An experience and a blessing
BUSINESS MATTERS (BEYOND THE BOTTOM LINE) - Francis J. Kong (The Philippine Star) - May 17, 2020 - 12:00am

Nobody knows! This should be the slogan of the times.

When will people be able to return to the office? Nobody knows. How much losses have we incurred since the lockdown began? Nobody knows. Let people go? Nobody knows although some are already doing it. COVID-19 continues to disrupt business, while the leaders continue to grapple with the unknown.

Well, since nobody knows so, I might as well tell my team, “I don’t know! because that will be the safest answer, I can give.” Whoa! Not so fast. You are a leader. You have a team of people under your care. You need to be in constant communication with them. Nothing causes more anxiety as being left out of the loop with nobody telling them what is going on. This is the worst time for you to go on “AWOL.” This means: “Absence Without Leaders.”

In my webinar-based leadership training, I have pointed out that people are anxious; they are worried about their company, their jobs, and their future. Leaders need to exhibit transparency and communicate truthfully. But the messages should always be wrapped with a sense of possibility and hope. In other words, you hope for the best, but you face and confront the brutal facts. Here are some ideas you might find useful:

1. Do not leave your people hanging

If you are the frontline manager, your most important objective is to make sure that you are the person your team will turn to for guidance and direction. Even if your knowledge is limited and you do not have the big-picture information (nobody does anyway), you need to be honest about what you know. Tell your team, “Guys, we do not know about this... but we do know about this... so we will have to make do with what we know now and try to close the gap.”

2. Do not overwhelm your people

Your people are working from home. They have challenges they never had before. They have to do work and family at the same place and at the same time. People share their concerns with me in my webinars. They have not learned how to stop working and draw boundaries between work and personal life because they have never been trained to do so. They can get easily overwhelmed. Your team would want to know how and when you will be providing them with updates on the changing situation. Do not surprise them with unannounced meetings as these are only for emergencies.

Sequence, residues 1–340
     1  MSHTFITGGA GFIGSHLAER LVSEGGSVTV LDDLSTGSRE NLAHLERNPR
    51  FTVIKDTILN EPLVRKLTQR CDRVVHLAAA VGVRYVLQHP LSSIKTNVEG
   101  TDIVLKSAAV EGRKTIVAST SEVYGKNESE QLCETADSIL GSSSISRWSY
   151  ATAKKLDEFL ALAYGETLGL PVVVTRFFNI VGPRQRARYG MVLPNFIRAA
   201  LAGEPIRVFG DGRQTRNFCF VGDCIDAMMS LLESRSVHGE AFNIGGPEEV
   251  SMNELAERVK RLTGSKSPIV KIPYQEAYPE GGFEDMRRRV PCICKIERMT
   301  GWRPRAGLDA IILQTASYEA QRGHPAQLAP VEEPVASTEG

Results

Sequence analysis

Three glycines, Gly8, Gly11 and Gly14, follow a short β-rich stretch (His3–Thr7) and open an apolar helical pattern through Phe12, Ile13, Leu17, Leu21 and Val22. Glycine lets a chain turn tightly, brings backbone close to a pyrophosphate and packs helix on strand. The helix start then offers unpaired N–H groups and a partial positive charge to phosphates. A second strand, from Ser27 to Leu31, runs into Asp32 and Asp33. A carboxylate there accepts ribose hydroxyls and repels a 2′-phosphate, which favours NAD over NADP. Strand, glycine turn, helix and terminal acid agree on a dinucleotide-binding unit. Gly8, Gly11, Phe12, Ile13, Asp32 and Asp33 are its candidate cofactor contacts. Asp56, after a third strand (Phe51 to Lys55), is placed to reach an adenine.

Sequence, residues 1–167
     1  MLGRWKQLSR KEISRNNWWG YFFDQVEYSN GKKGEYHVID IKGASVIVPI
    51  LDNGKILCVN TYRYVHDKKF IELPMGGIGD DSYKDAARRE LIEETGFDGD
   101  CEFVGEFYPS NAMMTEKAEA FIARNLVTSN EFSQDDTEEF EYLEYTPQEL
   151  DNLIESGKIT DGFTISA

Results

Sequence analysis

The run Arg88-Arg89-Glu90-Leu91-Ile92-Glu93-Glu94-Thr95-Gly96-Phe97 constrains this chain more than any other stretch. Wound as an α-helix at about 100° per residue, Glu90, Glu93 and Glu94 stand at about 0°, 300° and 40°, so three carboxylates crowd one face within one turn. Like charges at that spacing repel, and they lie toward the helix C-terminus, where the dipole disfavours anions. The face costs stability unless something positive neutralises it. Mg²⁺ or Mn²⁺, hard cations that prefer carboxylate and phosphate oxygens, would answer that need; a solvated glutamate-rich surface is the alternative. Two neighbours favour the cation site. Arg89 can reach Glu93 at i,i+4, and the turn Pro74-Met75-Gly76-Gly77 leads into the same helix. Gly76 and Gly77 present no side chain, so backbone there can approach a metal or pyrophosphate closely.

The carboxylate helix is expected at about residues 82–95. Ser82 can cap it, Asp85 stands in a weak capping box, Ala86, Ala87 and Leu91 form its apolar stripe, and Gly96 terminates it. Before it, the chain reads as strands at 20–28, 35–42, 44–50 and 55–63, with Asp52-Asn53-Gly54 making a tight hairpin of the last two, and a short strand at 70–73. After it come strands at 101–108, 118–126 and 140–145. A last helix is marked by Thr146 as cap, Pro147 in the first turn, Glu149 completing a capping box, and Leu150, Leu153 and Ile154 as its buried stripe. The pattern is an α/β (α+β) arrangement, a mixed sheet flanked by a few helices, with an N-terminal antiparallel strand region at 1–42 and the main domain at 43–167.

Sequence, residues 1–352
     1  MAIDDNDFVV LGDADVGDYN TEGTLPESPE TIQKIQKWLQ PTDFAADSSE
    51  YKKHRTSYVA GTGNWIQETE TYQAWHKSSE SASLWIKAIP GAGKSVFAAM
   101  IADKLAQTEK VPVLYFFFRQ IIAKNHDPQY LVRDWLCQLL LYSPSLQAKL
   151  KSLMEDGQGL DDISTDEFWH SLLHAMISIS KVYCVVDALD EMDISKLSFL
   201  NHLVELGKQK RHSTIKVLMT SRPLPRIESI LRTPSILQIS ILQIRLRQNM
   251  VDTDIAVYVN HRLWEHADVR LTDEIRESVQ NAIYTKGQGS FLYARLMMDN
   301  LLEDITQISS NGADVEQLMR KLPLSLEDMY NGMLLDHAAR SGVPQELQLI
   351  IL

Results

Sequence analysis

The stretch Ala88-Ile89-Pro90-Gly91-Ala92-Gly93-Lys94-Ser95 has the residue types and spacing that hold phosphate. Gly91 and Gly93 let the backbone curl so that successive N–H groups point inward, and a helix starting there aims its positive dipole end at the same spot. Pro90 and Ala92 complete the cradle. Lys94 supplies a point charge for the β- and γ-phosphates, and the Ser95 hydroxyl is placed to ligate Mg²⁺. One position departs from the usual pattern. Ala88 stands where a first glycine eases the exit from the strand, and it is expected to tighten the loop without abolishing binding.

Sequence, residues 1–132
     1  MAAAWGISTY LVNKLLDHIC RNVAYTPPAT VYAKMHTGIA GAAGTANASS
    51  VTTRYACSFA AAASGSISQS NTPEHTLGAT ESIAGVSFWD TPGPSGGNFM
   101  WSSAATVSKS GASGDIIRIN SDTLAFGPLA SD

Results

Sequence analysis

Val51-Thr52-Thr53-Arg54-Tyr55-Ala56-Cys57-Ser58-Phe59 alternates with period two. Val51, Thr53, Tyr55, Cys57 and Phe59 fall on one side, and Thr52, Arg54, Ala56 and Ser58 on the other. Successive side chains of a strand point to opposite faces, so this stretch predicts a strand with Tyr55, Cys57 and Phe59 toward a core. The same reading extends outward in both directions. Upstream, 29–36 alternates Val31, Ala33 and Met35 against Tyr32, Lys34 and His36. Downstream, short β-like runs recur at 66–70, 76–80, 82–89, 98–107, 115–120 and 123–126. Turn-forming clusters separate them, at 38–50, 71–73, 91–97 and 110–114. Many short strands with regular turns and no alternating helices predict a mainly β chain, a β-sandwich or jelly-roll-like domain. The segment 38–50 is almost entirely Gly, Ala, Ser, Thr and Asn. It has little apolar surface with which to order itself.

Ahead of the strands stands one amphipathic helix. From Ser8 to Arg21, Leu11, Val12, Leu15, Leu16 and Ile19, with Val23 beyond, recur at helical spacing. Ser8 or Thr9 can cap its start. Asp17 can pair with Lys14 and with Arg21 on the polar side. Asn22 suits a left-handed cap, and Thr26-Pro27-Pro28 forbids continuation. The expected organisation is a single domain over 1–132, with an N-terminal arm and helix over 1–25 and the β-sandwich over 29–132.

3.Communicate. Communicate. Communicate

Communicate early and often, do periodic small meetings, conduct one-on-one meetings with your key people, provide them with a platform for airing out their anxieties and issues. This is time-consuming, but you are the leader and you have to do this. Show compassion and show empathy. Do not sugarcoat the news and do not speculate on what would happen because when you sugarcoat things, you will be perceived as dishonest, and when you speculate, know that your people need facts and not your opinions.

4. Be inspiring

Exhibit courage with humility. Speak the truth but offer hope. Be responsible for the information you should keep and the information you can share. Tell them, “things may be difficult, but we need to be strong together. And when we get through this, we will all emerge stronger.”

COVID-19 is not the first crisis we have ever experienced, and it certainly would not be the last. But do you know what you are doing? You are blessed with the opportunity to be teaching and training your people on how to succeed in times of crisis, and that is one of the most beautiful things that leaders can do for their people. Experience and enjoy the blessing.

(Connect with Francis Kong in www.facebook.com/franciskong2. Or listen to “Business Matters” Monday to Friday 8:00 a.m. and 6:30 p.m. over 98.7 DZFE-FM ‘The Master’s Touch’, the classical music station.)

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